Matter signifies importance, significance, or relevancy. For example:
- We must focus on the things that matter the most to us.
- The article discussed the Black Lives Matter movement.
In the following idiomatic expression, matter connotes a deteriorating situation that is very important to the people involved:
- To make matters worse, the mayor raised our taxes. Now everyone will definitely be angry!
Other times, the meaning of matter depends on tone and intonation. Check out the following expressions:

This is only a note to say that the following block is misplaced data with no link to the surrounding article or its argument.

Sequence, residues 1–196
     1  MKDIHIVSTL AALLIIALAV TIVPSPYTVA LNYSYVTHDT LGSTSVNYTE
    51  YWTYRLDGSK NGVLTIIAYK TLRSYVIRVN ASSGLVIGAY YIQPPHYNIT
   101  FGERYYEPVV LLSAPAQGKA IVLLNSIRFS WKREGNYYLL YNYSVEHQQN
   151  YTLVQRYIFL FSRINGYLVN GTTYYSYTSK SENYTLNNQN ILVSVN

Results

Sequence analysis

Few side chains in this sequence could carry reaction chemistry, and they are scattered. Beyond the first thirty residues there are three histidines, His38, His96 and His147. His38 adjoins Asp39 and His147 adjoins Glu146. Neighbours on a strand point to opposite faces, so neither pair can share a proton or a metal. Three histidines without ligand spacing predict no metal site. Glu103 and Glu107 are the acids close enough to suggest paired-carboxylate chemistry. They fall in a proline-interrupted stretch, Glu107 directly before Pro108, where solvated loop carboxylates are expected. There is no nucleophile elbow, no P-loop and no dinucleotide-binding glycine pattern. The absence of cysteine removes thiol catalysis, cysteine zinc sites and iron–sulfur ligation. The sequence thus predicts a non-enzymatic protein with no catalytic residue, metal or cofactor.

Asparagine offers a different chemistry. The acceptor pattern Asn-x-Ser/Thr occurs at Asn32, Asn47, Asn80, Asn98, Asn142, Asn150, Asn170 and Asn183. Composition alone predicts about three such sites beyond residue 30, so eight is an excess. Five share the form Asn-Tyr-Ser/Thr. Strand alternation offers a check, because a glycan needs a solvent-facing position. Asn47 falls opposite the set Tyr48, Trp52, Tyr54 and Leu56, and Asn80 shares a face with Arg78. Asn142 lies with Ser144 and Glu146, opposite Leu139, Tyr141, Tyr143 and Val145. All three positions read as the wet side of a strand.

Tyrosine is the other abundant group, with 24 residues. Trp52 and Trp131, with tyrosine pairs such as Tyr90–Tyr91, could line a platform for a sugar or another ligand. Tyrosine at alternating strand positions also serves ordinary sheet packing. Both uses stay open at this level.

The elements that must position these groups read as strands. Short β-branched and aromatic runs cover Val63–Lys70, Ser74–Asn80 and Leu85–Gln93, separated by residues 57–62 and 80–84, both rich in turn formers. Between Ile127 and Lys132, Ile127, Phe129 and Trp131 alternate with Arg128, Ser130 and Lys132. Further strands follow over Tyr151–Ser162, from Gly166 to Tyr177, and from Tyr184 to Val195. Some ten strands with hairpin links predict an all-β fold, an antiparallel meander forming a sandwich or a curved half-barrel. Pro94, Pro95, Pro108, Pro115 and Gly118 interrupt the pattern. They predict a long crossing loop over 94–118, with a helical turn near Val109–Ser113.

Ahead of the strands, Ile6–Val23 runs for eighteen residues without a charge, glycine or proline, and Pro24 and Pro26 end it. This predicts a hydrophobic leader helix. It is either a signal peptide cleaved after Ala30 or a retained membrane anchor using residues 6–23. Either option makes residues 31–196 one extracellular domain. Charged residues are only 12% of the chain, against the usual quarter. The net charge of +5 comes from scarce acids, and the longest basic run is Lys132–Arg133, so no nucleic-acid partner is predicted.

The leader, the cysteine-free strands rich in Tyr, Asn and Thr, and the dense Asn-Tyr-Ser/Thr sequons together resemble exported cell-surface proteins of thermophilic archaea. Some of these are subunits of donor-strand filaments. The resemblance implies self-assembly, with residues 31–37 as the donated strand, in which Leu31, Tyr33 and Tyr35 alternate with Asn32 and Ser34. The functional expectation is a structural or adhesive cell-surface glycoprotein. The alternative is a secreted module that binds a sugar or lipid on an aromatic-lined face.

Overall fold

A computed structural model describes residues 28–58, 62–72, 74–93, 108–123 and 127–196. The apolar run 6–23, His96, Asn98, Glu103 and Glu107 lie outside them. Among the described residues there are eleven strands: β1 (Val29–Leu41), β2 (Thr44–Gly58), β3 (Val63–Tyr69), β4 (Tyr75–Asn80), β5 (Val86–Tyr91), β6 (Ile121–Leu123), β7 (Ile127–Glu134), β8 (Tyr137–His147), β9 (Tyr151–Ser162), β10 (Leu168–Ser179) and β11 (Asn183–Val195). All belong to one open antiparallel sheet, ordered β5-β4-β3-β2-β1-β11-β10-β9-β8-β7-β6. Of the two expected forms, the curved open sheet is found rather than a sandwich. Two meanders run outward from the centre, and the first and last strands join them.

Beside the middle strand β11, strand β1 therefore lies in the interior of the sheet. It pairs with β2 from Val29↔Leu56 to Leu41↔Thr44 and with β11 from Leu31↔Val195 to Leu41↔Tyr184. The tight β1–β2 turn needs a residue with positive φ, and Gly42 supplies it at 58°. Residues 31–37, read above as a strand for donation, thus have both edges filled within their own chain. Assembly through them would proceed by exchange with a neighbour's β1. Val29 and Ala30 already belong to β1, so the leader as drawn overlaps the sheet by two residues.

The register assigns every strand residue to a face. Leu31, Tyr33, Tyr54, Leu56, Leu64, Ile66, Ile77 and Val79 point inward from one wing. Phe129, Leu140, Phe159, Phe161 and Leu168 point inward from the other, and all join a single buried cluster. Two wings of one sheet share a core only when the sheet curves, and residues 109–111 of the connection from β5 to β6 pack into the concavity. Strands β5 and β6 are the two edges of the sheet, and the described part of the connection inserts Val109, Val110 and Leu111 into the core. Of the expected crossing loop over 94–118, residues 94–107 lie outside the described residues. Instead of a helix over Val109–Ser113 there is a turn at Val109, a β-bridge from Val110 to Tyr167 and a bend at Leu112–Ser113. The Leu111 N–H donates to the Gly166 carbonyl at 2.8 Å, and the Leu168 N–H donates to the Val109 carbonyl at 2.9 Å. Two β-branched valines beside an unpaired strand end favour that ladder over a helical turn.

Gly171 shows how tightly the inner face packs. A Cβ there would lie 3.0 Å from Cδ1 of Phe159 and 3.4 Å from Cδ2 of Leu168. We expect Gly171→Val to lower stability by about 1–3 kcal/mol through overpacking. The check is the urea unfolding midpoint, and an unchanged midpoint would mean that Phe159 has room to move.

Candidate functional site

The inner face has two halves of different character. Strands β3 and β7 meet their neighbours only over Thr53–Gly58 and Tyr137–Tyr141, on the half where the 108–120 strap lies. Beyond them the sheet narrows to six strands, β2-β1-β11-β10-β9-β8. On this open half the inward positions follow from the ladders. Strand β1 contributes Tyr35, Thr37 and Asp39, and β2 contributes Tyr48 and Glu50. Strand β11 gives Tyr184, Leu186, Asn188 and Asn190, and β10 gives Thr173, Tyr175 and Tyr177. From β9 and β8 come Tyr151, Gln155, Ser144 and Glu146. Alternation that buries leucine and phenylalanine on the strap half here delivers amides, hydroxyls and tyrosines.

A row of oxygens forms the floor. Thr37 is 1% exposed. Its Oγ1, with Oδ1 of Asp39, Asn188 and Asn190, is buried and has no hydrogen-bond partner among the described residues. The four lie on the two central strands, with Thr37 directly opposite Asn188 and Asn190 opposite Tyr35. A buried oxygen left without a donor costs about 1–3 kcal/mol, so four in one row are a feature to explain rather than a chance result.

- What is the matter? You seem really sad today.
- What is the matter with you?! You totally know better!!
If the entire phrase is read in the same manner, what’s the matter – or alternatively, is anything the matter – conveys concern. However if matter is stressed more strongly than the other words, what is the matter conveys disappointment.
But of course matter is also a scientific term related to atoms, volume and mass – here’s a refresher. In everyday conversation, scientific iterations of matter comes up frequently through the following compound words:
Plant and animal matter in various stages of decomposition. Could come up during discussions about the environment, recycling, or composting.
Matter that does not react to light the way ‘normal’ matter do. Could come up during discussions about space.